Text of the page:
Mont-Blanc has lost 3 meters in height since 2010, but is this necessarily due to global warming ?
A reliable database for the future generations
Measured in mid-September 2021, Mont-Blanc was 4,807.81 meters high, as announced by the Order of Expert Surveyors on Wednesday September 29. For the highest peak in Western Europe, this represents a meter less than in 2017 and more than three meters compared to 2010, according to scientists. Essential measurements that experts have been carrying out since 2001 every two years. During their somewhat perilous three-day mission, they are equipped with sensors linked to satellites in order to model the ice sheet. The goal is to provide an accurate and reliable database that can be passed on to future generations.
13 centimeters per year
In 2017, the altitude of Mont-Blanc was 4808.72 meters, down from those of previous years. It will be necessary to wait until 2019 to find that the summit was only subsiding with a measurement of 4,806.03 meters, which had not been made public. Indeed, the surveyors preferred to wait for that of 2021 to find a little more educational and scientific explanations. It was in 2010 that the summit of Mont-Blanc was at its highest, reaching 4,810.90 meters, very close to the 2001 measurements which amounted to 4,810.40 meters, according to figures from the Order of Experts. surveyors. Conclusion: the figures show a decrease in the height of the summit of an average of 13 centimeters per year, and this since 2001. However, if these figures vary from time to time, it is because the summit is “covered with a layer of ‘eternal snow’ which functions like a huge snowdrift”. This cap of ice and snow measures about 15 meters and “varies according to altitude winds and precipitation”. “The stronger the precipitation and the weaker the wind, the more snow accumulates at higher altitudes”. If the expert surveyors have established an average drop in the altitude of Mont-Blanc since 2001, they believe that we should not “draw hasty conclusions on measurements which have been carried out only since 2001 with the precision that ‘we show you today”. Difficult, at this stage, to link this “shrinkage” to the climate crisis.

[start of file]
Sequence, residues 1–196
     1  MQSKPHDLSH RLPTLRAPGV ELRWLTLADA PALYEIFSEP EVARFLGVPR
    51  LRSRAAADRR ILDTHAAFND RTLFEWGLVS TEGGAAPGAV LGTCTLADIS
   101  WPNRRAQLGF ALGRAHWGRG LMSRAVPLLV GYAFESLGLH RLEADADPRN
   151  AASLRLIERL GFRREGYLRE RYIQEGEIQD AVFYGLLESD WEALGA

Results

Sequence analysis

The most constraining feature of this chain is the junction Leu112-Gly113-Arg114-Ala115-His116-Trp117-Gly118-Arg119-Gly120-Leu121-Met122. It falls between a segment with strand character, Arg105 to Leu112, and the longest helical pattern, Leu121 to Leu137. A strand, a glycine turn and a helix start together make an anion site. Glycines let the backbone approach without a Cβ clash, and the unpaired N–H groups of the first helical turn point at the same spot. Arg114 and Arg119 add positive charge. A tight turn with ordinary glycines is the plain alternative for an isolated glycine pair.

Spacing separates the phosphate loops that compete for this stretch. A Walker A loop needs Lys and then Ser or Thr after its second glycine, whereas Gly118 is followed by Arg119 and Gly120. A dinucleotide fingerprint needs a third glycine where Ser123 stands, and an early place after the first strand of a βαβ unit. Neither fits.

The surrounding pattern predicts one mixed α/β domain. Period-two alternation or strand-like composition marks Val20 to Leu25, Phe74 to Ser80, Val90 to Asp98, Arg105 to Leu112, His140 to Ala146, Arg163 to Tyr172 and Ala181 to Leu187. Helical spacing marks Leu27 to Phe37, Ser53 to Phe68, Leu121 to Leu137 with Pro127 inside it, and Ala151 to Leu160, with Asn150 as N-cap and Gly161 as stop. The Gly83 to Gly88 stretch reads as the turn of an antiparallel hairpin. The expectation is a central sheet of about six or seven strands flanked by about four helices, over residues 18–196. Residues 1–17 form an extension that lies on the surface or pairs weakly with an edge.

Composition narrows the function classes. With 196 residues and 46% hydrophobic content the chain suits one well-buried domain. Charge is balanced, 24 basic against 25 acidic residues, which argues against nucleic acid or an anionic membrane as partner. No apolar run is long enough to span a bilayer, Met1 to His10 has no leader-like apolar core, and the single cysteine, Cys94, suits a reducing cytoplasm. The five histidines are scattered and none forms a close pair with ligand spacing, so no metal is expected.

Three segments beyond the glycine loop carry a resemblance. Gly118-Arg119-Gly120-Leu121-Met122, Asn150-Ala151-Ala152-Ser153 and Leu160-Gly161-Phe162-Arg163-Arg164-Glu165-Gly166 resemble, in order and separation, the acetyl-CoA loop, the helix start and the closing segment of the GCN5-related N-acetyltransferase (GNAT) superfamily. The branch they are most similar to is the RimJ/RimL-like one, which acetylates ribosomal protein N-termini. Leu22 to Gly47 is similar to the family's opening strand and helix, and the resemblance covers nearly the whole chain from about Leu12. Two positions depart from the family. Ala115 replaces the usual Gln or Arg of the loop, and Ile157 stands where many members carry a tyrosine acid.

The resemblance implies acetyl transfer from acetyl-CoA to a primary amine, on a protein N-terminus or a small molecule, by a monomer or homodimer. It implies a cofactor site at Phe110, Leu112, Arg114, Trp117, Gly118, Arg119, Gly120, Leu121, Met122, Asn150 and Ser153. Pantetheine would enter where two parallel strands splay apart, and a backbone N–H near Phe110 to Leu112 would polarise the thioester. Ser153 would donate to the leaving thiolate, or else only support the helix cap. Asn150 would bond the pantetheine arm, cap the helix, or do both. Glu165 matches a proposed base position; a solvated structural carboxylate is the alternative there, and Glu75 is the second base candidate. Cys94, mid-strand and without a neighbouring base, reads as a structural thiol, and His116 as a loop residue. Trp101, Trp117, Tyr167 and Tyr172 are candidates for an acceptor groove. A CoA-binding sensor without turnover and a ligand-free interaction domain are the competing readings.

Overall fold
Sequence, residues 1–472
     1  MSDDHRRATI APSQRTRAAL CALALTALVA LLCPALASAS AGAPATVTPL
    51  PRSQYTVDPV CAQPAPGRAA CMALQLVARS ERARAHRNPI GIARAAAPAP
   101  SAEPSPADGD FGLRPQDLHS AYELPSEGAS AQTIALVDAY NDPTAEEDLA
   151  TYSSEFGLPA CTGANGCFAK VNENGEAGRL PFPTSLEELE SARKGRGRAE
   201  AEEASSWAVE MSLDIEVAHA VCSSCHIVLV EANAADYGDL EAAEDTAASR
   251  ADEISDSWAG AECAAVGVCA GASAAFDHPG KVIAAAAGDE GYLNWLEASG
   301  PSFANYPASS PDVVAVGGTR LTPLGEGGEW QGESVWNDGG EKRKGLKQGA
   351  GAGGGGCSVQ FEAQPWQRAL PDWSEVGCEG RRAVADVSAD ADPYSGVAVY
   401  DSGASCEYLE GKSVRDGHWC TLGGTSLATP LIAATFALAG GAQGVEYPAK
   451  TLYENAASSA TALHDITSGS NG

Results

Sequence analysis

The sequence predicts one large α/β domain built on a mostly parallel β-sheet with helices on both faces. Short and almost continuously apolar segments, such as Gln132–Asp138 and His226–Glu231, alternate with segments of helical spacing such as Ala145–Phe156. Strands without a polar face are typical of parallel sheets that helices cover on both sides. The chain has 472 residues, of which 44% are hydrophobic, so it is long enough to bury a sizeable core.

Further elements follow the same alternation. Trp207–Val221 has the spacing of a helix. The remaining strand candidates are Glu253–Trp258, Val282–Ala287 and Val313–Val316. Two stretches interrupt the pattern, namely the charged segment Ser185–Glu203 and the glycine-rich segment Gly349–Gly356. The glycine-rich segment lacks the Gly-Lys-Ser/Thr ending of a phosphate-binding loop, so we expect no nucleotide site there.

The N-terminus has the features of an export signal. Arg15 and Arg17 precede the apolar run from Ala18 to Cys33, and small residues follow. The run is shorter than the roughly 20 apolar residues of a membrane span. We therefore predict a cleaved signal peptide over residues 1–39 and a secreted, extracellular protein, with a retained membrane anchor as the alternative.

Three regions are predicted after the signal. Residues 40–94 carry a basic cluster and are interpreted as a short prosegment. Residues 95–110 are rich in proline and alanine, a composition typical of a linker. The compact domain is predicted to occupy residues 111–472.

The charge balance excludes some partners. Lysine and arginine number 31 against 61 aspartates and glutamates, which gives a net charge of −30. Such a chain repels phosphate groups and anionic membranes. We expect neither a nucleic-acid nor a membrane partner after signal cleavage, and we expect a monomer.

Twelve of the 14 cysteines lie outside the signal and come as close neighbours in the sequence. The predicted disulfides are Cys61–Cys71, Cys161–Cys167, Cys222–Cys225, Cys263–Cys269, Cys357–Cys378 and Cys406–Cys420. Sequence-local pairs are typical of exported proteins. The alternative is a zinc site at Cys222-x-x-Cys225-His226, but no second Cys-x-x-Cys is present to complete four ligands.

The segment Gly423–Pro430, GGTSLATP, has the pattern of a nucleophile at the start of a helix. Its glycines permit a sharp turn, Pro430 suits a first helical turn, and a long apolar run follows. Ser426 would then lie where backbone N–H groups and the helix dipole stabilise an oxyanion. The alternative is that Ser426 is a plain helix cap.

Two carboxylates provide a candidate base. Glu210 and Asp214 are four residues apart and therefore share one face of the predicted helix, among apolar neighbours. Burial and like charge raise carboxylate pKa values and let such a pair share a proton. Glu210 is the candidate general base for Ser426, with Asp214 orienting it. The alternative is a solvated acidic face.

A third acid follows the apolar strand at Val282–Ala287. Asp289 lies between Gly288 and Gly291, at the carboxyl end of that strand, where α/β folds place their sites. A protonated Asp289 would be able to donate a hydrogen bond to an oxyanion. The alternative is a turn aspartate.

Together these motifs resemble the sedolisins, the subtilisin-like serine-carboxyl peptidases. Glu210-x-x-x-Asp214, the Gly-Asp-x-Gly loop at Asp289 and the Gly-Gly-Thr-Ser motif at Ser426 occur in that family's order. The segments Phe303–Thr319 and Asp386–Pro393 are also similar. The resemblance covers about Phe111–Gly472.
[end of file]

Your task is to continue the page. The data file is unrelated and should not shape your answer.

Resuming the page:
Difficult to link It to the climate crisis.
“At this altitude, global warming has no impact on the size of the summit, which depends solely on snowfall and wind,” says Ludovic Ravanel, geomorphologist at the CNRS, interviewed by Le Parisien. However, he admits that the rise in temperatures could, in the long term, have an impact on the melting of the summit snow during the summer. Scientists have already established that the Alpine arc is particularly affected by the climate crisis. One of its most emblematic glaciers, the Mer de Glace, has retreated about two kilometers since 1850. The glacier, which is in the Mont-Blanc massif, has also lost 120 meters in thickness during the last century.